“The city will not use ORCA data to monitor an individual employee’s performance on an ongoing basis … The city will not use information obtained from ORCA as the sole basis to discipline a city employee,” the note read.

“I find that an amazing violation of my right to privacy,” said McGrath. “I don’t need them to know my private movements. It’s none of their damn business.”

She initially refused to click the “I Agree” box, but later signed up by the Nov. 18 deadline, to keep the annual fare subsidy worth $972. McGrath sent an e-mail message saying she does not consent to the city grabbing her trip records and fired related messages to Mayor-elect Mike McGinn and a personnel manager.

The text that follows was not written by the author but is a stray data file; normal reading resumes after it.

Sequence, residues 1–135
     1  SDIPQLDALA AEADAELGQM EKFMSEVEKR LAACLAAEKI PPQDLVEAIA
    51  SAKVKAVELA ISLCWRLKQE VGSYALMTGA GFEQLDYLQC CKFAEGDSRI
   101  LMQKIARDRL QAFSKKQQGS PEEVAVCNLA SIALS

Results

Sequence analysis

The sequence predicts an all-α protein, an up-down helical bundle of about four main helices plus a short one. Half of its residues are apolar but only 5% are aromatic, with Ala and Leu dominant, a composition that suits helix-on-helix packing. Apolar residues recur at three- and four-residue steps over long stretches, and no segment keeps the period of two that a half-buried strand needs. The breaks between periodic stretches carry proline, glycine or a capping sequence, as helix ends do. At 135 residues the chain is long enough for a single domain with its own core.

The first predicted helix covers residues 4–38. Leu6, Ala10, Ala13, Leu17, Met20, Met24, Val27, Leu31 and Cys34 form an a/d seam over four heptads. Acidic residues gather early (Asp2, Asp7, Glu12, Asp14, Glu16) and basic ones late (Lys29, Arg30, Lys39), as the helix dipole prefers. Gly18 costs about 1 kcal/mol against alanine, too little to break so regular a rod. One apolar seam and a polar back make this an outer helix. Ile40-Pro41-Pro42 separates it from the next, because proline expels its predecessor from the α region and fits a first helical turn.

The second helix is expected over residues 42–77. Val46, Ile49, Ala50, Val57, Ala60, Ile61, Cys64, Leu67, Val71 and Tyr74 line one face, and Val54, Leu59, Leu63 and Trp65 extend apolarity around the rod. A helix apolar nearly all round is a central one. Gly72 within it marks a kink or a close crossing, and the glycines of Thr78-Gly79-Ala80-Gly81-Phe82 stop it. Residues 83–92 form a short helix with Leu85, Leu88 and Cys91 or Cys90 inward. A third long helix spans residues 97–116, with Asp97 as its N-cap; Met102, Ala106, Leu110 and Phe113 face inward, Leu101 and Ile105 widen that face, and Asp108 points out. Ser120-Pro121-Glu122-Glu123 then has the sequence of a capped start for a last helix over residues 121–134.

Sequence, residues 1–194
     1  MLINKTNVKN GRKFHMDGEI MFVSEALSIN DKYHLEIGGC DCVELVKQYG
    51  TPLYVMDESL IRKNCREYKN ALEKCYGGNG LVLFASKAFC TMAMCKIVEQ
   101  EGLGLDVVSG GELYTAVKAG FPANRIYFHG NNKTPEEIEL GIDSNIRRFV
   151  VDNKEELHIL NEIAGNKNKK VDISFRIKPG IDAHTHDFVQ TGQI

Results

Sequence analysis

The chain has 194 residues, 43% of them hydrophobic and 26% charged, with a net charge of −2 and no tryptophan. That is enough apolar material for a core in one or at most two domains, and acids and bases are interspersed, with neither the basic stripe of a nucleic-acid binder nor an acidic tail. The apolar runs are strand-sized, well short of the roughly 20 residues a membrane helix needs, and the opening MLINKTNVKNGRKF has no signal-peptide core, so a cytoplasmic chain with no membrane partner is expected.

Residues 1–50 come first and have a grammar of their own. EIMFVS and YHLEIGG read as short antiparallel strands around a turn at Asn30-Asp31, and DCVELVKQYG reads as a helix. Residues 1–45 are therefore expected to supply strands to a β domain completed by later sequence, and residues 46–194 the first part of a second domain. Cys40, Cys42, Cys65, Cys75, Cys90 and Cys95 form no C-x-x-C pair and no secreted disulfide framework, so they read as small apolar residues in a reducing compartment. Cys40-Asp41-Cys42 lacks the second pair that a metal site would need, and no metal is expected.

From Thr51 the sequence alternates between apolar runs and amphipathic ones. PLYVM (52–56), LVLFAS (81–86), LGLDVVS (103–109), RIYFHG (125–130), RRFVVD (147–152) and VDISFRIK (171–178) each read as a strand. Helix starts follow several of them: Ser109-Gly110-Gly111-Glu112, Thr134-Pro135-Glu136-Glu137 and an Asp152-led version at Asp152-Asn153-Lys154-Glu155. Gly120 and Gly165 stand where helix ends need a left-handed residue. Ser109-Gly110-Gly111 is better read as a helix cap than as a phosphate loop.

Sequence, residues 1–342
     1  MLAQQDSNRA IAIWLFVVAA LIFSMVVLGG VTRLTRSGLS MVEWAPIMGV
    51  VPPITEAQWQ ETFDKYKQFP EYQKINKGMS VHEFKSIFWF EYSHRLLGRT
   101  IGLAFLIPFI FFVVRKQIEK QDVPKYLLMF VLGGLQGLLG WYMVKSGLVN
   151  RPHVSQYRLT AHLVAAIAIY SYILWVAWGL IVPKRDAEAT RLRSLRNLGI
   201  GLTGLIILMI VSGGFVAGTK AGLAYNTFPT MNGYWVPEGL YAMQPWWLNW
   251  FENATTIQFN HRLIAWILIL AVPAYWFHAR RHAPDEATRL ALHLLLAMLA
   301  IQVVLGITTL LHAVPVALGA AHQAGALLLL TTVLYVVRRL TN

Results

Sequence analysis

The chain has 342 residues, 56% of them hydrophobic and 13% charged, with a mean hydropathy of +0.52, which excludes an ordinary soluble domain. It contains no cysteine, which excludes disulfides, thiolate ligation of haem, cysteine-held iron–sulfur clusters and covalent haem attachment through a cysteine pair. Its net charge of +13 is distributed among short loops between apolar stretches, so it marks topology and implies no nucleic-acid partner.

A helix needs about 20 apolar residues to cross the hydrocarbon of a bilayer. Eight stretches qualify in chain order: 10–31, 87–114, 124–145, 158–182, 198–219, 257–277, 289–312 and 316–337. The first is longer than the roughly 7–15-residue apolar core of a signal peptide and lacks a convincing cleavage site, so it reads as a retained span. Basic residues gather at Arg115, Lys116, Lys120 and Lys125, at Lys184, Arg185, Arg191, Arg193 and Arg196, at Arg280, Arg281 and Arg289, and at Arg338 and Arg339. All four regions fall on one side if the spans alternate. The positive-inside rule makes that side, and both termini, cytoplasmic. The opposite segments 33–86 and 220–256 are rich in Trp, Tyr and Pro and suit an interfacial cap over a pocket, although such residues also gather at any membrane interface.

ORCA furnishes to employers some standard language about data collection, to be shown to workers who sign up.

“The principle behind that is the business or educational institution owns the card,” said Candace Carlson, ORCA contract administrator. A company has legitimate interest in checking records to avoid misuse, for instance, if an employee resells a subsidized card, or if cards are stolen.

But that sentence about discipline came from the city of Seattle. The city’s intent isn’t to snoop, but in the interest of full disclosure, officials added the clause based on consultations with labor unions, said city spokeswoman Katherine Schubert-Knapp.

Originally, ORCA planned to give employers regular breakdowns of how, when and where each card was used, but dropped that idea in 2008.